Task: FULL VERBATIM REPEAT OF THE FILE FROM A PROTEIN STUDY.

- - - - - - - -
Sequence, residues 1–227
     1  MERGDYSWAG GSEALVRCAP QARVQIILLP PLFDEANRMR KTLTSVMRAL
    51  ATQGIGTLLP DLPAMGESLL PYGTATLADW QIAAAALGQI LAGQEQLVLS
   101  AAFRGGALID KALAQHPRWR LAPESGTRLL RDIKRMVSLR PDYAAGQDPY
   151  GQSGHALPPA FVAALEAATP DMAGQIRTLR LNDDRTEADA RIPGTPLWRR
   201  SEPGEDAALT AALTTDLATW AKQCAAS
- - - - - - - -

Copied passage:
Sequence, residues 1–227
     1  MERGDYSWAG GSEALVRCAP QARVQIILLP PLFDEANRMR KTLTSVMRAL
    51  ATQGIGTLLP DLPAMGESLL PYGTATLADW QIAAAALGQI LAGQEQLVLS
   101  AAFRGGALID KALAQHPRWR LAPESGTRLL RDIKRMVSLR PDYAAGQDPY
   151  GQSGHALPPA FVAALEAATP DMAGQIRTLR LNDDRTEADA RIPGTPLWRR
   201  SEPGEDAALT AALTTDLATW AKQCAAS